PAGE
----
BERKELEY -- Scientists at two Department of Energy national laboratories
have successfully marked selected Internet traffic for priority service over unmarked,
lower-priority traffic in a cross-country demonstration.
This demonstration is a key milestone in the development of a broad set of capabilities
called "Differentiated Services" which are required for the Internet to be able
to give different levels of service on demand to network customers. The demonstration of
such capabilities for production-mode scientific research between Lawrence Berkeley and
Argonne national laboratories will pave the way for more reliable and constant
connectivity via priority bandwidth on the Internet.
The demonstration involved sending two video streams over the Internet from Berkeley to
Argonne in Illinois. In a test sharing an intentionally congested path, the
priority-marked stream moved at eight frames per second, while the standard version
transmitted just one frame per second.
Typically, Internet users encounter a wide variety of cybertraffic conditions, ranging
from free-flowing traffic to peak-hour jams to complete stalls. With Internet traffic
growing by 400 percent annually, such congestion will continue to be a problem. This
situation has left many users wishing for a more reliable level of Internet service. The
current quality of service, called "best effort," often leaves room for
Differentiated services will replace "best effort" by providing specialized
services for Internet users who need it and are willing to pay for it. The idea behind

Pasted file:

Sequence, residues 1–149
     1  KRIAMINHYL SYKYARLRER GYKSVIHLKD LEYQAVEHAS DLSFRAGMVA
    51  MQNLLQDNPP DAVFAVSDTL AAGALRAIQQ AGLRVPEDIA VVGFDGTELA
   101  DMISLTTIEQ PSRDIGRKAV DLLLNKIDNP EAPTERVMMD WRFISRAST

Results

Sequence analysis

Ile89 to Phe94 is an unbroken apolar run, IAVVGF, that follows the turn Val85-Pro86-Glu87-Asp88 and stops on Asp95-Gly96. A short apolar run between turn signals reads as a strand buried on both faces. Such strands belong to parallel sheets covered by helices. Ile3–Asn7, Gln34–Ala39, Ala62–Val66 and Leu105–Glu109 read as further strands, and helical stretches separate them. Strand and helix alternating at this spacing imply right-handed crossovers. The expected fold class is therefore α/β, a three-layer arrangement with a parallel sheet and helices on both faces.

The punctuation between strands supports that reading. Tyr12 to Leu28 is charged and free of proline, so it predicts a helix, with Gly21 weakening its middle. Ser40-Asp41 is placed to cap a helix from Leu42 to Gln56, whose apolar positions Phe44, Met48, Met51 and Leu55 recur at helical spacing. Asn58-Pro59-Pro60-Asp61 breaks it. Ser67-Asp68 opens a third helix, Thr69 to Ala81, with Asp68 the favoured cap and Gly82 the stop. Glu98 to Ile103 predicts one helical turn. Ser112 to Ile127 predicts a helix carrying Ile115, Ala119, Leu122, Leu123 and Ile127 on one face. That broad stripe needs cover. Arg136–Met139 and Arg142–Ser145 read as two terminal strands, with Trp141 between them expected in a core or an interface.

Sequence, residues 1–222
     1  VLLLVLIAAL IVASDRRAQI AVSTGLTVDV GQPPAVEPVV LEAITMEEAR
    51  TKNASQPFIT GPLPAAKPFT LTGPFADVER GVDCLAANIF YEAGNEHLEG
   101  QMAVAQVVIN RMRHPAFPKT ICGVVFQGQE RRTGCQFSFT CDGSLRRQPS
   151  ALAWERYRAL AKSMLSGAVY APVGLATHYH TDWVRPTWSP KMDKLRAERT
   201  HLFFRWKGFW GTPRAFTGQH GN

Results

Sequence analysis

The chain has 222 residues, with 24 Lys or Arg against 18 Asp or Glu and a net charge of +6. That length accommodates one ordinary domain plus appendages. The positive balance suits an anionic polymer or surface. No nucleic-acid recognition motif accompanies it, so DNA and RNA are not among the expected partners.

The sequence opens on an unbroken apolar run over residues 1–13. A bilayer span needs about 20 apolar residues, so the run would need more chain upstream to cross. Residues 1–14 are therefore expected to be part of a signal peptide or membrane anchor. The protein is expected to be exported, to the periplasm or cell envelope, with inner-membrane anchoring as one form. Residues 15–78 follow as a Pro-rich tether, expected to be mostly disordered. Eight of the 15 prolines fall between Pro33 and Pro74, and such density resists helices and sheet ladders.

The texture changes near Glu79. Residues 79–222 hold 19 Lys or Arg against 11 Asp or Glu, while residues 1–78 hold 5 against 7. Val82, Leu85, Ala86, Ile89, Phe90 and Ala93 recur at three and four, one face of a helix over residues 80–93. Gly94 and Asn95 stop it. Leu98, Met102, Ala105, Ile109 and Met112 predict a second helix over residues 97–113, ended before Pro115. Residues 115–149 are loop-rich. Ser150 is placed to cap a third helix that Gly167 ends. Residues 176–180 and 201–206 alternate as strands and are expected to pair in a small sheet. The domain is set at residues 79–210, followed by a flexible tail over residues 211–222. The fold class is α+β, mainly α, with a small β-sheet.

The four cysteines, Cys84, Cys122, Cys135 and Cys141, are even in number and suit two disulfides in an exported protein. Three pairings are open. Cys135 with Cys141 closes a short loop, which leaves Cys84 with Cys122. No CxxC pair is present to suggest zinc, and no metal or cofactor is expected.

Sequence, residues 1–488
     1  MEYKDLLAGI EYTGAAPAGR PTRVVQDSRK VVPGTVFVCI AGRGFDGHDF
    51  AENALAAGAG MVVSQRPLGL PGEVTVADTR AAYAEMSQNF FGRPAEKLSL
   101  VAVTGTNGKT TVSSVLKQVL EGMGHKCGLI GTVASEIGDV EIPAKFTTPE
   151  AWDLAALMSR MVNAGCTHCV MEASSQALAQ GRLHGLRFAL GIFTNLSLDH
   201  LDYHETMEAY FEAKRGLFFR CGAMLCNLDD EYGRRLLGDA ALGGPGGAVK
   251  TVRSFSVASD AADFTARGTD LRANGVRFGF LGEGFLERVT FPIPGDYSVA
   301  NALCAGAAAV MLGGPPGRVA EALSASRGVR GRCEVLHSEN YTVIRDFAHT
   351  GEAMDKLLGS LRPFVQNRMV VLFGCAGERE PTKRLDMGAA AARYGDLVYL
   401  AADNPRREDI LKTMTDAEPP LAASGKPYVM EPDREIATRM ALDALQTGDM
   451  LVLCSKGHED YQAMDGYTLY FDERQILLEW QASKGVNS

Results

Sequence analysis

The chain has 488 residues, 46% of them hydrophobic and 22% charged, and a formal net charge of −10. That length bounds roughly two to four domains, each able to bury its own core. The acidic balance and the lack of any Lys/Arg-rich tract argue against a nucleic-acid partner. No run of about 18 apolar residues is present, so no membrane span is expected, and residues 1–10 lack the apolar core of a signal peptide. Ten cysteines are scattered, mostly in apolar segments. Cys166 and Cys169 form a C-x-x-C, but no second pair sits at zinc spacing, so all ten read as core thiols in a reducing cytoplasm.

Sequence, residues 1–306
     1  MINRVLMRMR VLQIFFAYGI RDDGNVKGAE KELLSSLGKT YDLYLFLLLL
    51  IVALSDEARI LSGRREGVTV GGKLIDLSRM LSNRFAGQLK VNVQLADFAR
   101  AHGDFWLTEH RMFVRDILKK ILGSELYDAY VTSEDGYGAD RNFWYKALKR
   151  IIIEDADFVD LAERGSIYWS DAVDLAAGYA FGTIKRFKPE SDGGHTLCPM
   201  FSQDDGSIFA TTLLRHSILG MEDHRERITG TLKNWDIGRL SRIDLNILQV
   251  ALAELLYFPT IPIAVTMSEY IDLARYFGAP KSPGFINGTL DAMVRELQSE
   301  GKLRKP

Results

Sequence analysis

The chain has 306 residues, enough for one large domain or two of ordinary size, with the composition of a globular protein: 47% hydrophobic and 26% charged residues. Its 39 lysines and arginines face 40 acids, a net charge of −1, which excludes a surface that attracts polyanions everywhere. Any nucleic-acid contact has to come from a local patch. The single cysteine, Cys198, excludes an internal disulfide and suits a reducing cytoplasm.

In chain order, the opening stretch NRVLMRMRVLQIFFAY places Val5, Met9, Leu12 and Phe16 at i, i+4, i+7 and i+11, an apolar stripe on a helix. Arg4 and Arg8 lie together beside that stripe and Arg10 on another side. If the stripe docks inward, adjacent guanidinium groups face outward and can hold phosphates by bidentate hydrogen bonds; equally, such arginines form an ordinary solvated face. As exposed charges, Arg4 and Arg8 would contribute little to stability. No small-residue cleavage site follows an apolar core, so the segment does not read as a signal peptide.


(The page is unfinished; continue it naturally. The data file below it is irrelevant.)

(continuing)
differentiated services is similar to reserving a first-class, business class or coach
seat on a commercial airline. One means of providing differentiated services is through a
technology called "class-based queuing" developed at Berkeley Lab.
The new differentiated services technology is expected to demonstrate to industry how
different levels of quality of service can be implemented and deployed on a practical
basis. The technology is also expected to make it significantly easier to send audio and
video signals across the Internet.
Achieving this improved level of service is essential to the work of the Department of
Energy, which is pioneering the use of various technologies to allow scientists at more
than 30 DOE national labs to share access to some of the nations most advanced
research facilities. Having connections that can disrupt real-time research collaborations
in such fields as biomedical research or environmental restoration can result in both
human and financial costs. Reliable connections allow researchers around the nation to
make effective use of the some of the worlds top scientific facilities.
The DOE already has one of the fastest and most reliable "backbone" networks
of the Internet the Energy Sciences Network, or ESnet. Scientists at Berkeley and
Argonne regularly rely on ESnet to conduct collaborative research in structural biology,
materials science and physics.
"For more than a decade, DOE computer scientists have helped develop technologies